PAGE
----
FAQ – Regional Water Information

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What is Regional Water Information?

Regional Water Information is a web portal that allows access to nationally consistent water resource assessment information. The portal contains assessments of Australia's water resources and climatic conditions and shows regional variability and trends in water resources and patterns of water use over various time periods. Regional Water Information draws on, integrates and analyses information from many sources to paint a rich picture of Australia's water resources.

Spatially distributed water resource information is presented as viewable maps, statistics and graphical time series analysis. It allows users to explore this information for different regions and for different time periods. Data are also downloadable for technical users seeking to undertake their own analysis.

The product also complements the annual Water in Australia report summarising the water resource conditions across Australia in the context of climate, water availability and water use.

Users are also encouraged to use other related water information products of the Bureau: http://www.bom.gov.au/water/index.shtml

What can you do with Regional Water Information?

Regional Water Information contains information and analyses from a range of data sources to allow users to explore the status of Australian water resources. Using the information tool enables users to gain a better understanding of water resource conditions for a region and time period of choice and see how these conditions compare to the past. The portal can assist in examining the impacts and sustainability of current water management practices and can inform the design of water resource policies and plans. The portal has several functionalities:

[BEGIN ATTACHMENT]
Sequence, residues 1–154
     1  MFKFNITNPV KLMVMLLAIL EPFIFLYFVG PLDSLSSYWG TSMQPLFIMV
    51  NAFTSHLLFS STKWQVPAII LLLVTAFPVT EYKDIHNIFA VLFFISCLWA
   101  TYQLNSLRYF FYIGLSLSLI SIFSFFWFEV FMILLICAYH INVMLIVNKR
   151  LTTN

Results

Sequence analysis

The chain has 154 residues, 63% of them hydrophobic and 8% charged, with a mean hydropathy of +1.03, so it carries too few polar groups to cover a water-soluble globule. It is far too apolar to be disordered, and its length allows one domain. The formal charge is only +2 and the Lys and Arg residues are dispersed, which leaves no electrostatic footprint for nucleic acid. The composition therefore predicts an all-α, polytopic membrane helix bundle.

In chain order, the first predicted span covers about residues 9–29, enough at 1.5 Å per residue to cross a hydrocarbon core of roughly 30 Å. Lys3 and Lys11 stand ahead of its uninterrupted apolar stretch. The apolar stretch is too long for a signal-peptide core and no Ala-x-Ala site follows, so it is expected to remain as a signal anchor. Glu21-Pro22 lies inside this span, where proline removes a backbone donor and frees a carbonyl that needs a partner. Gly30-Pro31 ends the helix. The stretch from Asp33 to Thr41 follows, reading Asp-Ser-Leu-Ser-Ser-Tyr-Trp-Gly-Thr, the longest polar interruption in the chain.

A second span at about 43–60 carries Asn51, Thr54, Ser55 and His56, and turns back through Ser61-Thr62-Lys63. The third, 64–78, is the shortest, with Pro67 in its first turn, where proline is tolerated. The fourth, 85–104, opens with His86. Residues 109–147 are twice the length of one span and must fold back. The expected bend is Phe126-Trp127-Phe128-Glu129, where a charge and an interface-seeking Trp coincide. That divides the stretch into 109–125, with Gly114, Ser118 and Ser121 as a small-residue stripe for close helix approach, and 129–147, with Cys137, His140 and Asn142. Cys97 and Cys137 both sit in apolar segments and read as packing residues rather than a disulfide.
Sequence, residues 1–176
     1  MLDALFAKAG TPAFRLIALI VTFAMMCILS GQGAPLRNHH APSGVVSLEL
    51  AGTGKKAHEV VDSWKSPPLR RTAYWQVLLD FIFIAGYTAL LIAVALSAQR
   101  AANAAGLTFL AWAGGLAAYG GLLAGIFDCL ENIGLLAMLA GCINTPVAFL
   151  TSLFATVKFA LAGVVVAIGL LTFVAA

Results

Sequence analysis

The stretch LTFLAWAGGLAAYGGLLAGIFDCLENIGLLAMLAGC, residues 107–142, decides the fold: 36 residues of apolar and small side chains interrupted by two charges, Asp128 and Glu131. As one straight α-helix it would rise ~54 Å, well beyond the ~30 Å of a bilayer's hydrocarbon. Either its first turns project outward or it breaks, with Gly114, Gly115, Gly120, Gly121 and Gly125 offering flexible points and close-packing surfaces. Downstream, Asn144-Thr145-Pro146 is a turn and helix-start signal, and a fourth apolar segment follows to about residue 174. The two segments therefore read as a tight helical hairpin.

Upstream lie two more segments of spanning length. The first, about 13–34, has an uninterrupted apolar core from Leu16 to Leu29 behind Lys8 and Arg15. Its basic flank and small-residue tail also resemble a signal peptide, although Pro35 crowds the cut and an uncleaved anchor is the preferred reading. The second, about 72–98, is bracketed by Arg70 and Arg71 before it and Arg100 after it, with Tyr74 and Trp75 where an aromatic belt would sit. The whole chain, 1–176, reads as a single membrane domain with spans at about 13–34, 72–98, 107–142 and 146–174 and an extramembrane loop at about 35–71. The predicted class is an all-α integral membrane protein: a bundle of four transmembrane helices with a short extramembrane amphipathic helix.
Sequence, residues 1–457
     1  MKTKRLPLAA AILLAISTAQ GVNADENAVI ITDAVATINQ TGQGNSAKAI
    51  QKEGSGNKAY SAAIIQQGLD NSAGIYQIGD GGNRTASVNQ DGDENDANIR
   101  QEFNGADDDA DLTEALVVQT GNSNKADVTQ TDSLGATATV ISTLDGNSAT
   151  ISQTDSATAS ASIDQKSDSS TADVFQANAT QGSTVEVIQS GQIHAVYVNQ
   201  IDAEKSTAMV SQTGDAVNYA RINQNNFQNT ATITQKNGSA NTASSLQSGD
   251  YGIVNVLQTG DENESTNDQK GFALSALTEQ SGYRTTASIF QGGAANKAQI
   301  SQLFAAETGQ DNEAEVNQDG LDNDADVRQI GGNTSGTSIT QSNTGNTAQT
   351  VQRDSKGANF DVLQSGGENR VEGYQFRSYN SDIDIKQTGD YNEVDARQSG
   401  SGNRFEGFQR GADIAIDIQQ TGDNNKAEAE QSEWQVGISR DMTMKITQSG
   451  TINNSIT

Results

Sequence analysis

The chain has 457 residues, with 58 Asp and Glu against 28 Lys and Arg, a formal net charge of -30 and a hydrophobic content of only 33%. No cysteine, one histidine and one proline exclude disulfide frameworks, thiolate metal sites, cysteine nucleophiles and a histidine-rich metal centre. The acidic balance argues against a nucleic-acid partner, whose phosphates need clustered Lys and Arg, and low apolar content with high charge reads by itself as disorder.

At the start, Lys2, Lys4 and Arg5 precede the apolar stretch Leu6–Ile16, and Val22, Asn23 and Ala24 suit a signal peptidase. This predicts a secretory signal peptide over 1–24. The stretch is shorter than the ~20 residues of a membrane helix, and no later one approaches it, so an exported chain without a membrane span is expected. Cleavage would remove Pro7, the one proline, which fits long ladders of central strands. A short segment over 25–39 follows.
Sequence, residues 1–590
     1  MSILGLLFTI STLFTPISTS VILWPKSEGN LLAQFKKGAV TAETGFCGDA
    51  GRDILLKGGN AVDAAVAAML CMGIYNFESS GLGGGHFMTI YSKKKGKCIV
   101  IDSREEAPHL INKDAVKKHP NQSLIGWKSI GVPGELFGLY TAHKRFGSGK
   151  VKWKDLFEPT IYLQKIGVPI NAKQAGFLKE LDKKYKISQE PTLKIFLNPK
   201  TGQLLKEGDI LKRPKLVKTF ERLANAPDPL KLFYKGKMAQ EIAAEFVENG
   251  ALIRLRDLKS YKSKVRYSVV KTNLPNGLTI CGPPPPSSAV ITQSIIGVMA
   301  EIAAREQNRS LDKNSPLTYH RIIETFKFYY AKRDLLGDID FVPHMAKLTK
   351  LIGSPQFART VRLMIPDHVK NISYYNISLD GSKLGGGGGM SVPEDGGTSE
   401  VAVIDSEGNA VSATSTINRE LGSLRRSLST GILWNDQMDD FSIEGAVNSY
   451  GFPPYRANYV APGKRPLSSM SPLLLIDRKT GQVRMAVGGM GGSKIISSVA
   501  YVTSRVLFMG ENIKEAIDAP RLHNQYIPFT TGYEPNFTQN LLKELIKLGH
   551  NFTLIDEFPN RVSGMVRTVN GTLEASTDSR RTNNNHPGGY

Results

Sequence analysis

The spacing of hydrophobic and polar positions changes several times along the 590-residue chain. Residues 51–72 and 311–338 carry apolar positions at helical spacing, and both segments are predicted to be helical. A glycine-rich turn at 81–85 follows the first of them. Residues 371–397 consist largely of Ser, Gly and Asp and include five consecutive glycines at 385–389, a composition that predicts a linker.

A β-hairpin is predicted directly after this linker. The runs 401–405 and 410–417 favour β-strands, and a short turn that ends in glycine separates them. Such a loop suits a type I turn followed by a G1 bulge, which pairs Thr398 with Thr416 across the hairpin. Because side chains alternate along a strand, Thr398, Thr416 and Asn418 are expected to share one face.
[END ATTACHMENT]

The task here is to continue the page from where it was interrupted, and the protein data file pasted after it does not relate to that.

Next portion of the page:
• User selection: choose an assessment type, a type of region and time period of interest from the selection area and then zoom and click on the map to select a region of interest.
  • Explore map contents with pan and zoom.
  • Explore time series data by selecting the graph tab to see how the conditions in the selected region vary over the time.
  • Investigate statistics for a region by selecting the statistics tab. To compare statics, repeat this for other regions in a separate browser tab or window.
  • Download the underlying data for your own analysis if required by selecting the option at the lower left of the map.
What information is included?

Regional Water Information provides information on the spatial and temporal variations of the status of important aspects of water resources in Australia. The portal provides assessment about:

  • How have streamflows responded to climatic conditions? How many stations had high flows? Where there any stations with extreme flows, such as the lowest or highest on record? What did that mean in terms of flow volumes and water supply?
  • How has water been used for different purposes and what is the spatial pattern of use?
  • What was the status and trends of groundwater? Were groundwater levels rising or falling and if so were they above, below or at average levels?